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How To Watch Virtual Groundhog Day With Dan McGinley

This article is written by a student writer from the Her Campus at FSU chapter.

I’ll never forget walking into my first-grade classroom on a cool February morning, only for my teacher to gather us all into a circle on the floor rug. The occasion? Groundhog Day.

If you are unfamiliar with Groundhog Day, it is a tradition rooted deep in folklore featuring a simple groundhog (affectionately named Punxsutawney Phil). If Phil saw his shadow, legend had it that there would be a “Second Winter” or six more weeks of bad weather. If Phil didn’t see his shadow? It marked the start of spring!

I just had to know more about Groundhog Day this year, so I took the opportunity to reach out to a member of Punxsutawney Groundhog Club’s Dan McGinley for more details about the event.

woman staning barefoot in a flower garden holding a basket of yellow flowers
Jill Wellington/Pexels

Her Campus (HC): To start off, do you work for the Punxsutawney Groundhog Club? How long? (If not, what is your relation to them?)

Dan “Moonshine” McGinley (DM): Well, I don’t work for the Groundhog Club—it isn’t my job or career. I am a member of the Groundhog Club. It is a social organization, where we all volunteer. Each of us have jobs outside of the club but donate our time to make sure Groundhog Day is done properly.

HC: What do you think makes the Groundhog Day tradition so special? What do you like about it?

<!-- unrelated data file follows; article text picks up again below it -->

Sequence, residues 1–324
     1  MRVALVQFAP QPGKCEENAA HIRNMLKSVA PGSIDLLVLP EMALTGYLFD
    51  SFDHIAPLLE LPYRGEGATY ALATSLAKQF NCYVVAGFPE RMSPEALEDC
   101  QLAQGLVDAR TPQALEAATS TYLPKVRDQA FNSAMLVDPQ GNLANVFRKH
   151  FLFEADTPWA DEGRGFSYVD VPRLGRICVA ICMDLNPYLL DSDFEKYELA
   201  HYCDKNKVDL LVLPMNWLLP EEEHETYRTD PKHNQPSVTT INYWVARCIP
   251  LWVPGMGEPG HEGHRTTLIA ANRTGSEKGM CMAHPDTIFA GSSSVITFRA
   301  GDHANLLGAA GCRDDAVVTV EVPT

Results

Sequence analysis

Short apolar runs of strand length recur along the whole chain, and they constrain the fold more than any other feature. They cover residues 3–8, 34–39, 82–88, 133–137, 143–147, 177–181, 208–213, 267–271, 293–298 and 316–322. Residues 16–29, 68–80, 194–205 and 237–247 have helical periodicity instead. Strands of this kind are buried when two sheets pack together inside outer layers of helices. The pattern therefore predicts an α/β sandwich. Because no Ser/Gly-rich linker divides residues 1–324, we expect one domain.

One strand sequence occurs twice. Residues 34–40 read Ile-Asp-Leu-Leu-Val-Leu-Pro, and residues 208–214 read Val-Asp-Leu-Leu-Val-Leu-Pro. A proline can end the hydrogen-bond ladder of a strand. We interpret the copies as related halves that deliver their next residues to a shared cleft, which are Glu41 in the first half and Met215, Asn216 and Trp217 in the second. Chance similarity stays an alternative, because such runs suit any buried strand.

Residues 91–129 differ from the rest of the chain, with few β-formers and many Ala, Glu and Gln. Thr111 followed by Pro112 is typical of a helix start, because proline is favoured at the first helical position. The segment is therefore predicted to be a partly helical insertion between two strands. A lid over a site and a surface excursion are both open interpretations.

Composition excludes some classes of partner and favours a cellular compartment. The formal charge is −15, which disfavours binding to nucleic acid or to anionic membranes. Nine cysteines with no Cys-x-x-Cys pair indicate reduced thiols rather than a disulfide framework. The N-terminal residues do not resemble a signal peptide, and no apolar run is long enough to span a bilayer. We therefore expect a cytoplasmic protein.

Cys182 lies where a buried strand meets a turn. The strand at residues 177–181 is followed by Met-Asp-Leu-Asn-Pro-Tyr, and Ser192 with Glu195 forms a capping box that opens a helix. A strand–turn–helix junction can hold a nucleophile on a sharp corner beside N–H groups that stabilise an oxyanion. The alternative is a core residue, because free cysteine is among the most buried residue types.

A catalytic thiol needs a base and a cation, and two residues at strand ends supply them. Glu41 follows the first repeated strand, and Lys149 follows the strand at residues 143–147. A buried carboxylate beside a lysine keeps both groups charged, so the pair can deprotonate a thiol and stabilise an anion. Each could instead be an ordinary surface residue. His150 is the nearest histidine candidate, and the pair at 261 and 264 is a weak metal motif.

DM: What makes Groundhog Day special is its uniqueness. We have been doing something that no one else does for over 134 years, and no one does it better. It has become a “Bucket List” event for so many.

HC: On Groundhog Day itself, what should people expect? Will it be like years past?

DM: This year’s Groundhog Day will definitely not look like years past. Because of the COVID-19 pandemic, Gobbler’s Knob (where we host Punxsutawney Phil’s annual prediction) is closed off to the public. Normally tens of thousands of people come to witness the event. This year, we have put together a Groundhog Day special to air before Phil’s Prognostication (which will start at 6:30 a.m. on Groundhog.org). We will have the ceremony live but without the fans.

HC: Other than the link through the website, is there any other way to watch Punxsutawney Phil this year?

DM: Yes. It will be on Phil’s Facebook and YouTube.

HC: What was the most challenging part of making Groundhog Day virtual this year?

DM: The most difficult part of having Groundhog Day virtually this year is that we haven’t been able to meet and talk with the fans who come to town each year. We love having people visit, and this year we’ve had to do it alone.

HC: How long has the Club been planning the virtual event?

DM: We decided sometime in November that a virtual event was the way to go because we wanted to wait and see if anything would change.

HC: Is there anything else that people should know about tuning in?

DM: The recorded portion will end around 7:15 and then we will be live for Phil’s prediction.

HC: How can people still support the Punxsutawney Groundhog Club?

DM: Support for the Groundhog Club comes in many forms. Visiting Punxsutawney is the best way, but you can also become a member of the club by going to Groundhog.org.

HC: Finally, do you think Phil will see his shadow?

DM: Yes, I believe in the Shadow every year.

I know that the first-grader in me will certainly be waking up to watch the event, and hopefully catch the start of spring!

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LaVonne Patoir is a senior at Florida State University, graduating in April 2021. She is passionate about writing about the BIPOC community, trends from the 2000s, and likes reading career or academic tips. When she's not working (or sleeping), she is either watching anime or attempting something she saw on Pinterest.
Her Campus at Florida State University.